Finland has several strategic advantages for fostering a robust data center industry, according to Copenhagen Economics.
Finland’s data center industry has the potential to expand more than three-fold in the years to come, concludes a report by Copenhagen Economics.
The industry is currently estimated to support 11,200 jobs and contribute €800 million a year to the country’s gross domestic product, but according to the report it has the potential to support as many as 32,900 jobs and contribute €2.3 billion a year to the national output by 2025.
Copenhagen Economics believes the growth can be accelerated even further.
Finland, it says, has an opportunity to create an additional 6,100 jobs and add €400 million to the gross domestic product by promoting closer co-operation between new data centers and local suppliers, thereby limiting the amount of imports used in building and operating the facilities.
The report acknowledges that the country has a number of strategic advantages for fostering a robust data center industry: a separate strategy to attract data center investments from abroad, excellent international data connections, a stable and advanced regulatory environment, an extremely reliable energy supply, and a suitable climate.
While such assets contribute to the country’s ability to fulfil the growth potential, there is also room for improvement, according to Copenhagen Economics.
The report duly sets forth 14 policy recommendations for Finland. The recommendations have been designed to enable the country to take full advantage of the ripple effects and maximise the growth and employment impact of its burgeoning data center industry.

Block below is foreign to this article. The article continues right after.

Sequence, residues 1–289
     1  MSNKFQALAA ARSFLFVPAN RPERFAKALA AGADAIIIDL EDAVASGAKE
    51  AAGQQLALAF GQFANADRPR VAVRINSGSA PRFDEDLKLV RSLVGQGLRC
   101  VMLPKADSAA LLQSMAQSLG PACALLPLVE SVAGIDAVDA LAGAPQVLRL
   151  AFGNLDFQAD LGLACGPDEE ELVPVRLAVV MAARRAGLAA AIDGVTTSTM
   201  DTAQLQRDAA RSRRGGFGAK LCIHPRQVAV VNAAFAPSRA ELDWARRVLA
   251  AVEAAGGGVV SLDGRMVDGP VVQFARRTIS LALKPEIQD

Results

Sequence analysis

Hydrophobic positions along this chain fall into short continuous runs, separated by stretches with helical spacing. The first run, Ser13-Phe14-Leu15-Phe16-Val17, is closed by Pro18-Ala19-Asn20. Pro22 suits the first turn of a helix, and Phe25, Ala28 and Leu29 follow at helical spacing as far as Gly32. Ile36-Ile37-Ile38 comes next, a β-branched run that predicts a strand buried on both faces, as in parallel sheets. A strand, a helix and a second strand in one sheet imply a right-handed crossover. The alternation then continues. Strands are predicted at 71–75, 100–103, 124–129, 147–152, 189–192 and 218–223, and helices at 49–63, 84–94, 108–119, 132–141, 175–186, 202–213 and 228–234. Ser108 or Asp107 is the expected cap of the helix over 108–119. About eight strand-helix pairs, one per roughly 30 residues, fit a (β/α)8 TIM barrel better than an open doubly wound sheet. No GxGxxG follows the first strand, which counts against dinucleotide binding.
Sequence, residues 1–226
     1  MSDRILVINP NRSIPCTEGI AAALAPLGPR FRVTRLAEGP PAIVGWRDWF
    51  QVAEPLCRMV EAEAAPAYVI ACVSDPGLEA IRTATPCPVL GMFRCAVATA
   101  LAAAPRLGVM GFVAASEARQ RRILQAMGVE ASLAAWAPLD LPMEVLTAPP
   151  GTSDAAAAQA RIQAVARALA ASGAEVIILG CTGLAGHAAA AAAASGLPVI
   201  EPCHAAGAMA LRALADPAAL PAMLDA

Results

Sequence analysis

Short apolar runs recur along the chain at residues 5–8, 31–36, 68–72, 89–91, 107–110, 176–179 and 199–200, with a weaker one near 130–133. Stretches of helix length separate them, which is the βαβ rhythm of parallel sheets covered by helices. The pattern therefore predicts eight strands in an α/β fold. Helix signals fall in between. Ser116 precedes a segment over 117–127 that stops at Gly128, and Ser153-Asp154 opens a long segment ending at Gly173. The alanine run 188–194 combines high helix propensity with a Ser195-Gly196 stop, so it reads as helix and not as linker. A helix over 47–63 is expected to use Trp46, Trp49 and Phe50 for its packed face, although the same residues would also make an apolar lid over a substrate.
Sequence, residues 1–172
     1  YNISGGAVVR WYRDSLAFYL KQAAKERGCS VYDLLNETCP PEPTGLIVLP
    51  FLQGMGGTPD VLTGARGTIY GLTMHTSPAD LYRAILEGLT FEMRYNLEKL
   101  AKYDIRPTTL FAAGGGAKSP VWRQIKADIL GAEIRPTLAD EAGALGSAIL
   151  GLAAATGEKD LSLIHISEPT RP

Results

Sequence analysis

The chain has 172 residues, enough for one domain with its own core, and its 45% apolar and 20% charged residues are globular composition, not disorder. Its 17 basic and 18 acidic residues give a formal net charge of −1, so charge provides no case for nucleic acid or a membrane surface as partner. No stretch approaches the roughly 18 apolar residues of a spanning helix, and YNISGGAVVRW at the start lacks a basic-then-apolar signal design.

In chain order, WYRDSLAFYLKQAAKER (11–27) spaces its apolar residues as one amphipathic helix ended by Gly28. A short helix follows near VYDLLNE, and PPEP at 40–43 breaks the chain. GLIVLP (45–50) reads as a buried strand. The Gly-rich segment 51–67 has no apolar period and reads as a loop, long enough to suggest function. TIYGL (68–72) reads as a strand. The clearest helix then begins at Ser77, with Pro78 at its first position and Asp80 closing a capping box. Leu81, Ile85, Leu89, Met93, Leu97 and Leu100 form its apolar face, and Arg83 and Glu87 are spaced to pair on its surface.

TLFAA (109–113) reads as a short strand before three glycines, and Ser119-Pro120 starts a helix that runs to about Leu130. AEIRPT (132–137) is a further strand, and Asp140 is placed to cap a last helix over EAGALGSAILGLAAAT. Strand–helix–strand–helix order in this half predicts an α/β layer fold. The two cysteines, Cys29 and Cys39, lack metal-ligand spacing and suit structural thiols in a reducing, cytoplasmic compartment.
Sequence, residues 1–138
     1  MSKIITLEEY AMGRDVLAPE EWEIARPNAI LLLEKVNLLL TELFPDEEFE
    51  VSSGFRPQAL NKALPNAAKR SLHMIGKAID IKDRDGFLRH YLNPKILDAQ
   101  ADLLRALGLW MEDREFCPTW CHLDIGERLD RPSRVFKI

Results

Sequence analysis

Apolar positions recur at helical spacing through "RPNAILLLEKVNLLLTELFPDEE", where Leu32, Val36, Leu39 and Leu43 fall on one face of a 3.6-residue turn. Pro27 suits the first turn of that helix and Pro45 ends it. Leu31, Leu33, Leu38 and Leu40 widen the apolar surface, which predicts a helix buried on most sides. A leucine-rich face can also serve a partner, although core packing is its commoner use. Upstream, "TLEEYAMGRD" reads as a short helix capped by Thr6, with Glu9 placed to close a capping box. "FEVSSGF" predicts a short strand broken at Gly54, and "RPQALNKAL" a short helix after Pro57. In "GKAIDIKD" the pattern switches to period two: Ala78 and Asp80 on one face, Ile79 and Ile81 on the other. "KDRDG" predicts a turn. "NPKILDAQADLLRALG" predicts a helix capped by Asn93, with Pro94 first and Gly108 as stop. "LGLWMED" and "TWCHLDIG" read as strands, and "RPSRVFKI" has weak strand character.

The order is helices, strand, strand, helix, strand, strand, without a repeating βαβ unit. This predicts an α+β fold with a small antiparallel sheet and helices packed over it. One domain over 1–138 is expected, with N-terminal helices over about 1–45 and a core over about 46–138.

The industry is projected to create economic benefits by promoting digitisation, such as the adoption of cloud computing and other emerging technologies, across the value chain.
Finland is encouraged, for example, to take action to reduce energy costs and increase the share of renewable energy of the total energy supply further.
Copenhagen Economics points out that data centers strive to ensure the energy they use is not only affordable but also clean. Google, it highlights, relies predominantly on green energy produced in Sweden to power its data center in Hamina, Southern Finland.
Alpo Akujärvi, the head of the data center industry at Finpro’s Invest in Finland, reminds that all of the electricity is bought from the common Nordic and Baltic electricity wholesale market, the Nord Pool Spot.
“Nord Pool’s prices are very affordable when compared to the rest of Europe. In addition, renewable electricity makes up a large share of the market,” he says.
Finland offers data centers an opportunity to trim their already low energy costs even further, adds Akujärvi. “Data centers are able create savings by selling the heat generated by their server units to local energy companies – an opportunity that has already been seized by the likes of Ericsson and Yandex.”
Copenhagen Economics also proposes that the country prepare sites for multiple data centers in order to allow the facilities to collaboratively feed thermal energy to the local district heating network.
“Economies of density imply that the co-ordinated, proximity siting of multiple data centers provides the best chances that the heat from these facilities can be harvested so that it can be conveyed to power a local community,” it argues.
Finland is encouraged to study how companies in specific sectors are able to improve their competitiveness by taking advantage of low-latency data connections and to determine why the country’s data centers rely less on local suppliers than those elsewhere in Europe.
Local suppliers, the report states, should also be encouraged to explore export opportunities and develop the competences required to serve domestic, export-oriented manufacturing industries.
The report was commissioned by Google and drafted in close collaboration with the Prime Minister’s Office and the Ministry of Employment and the Economy.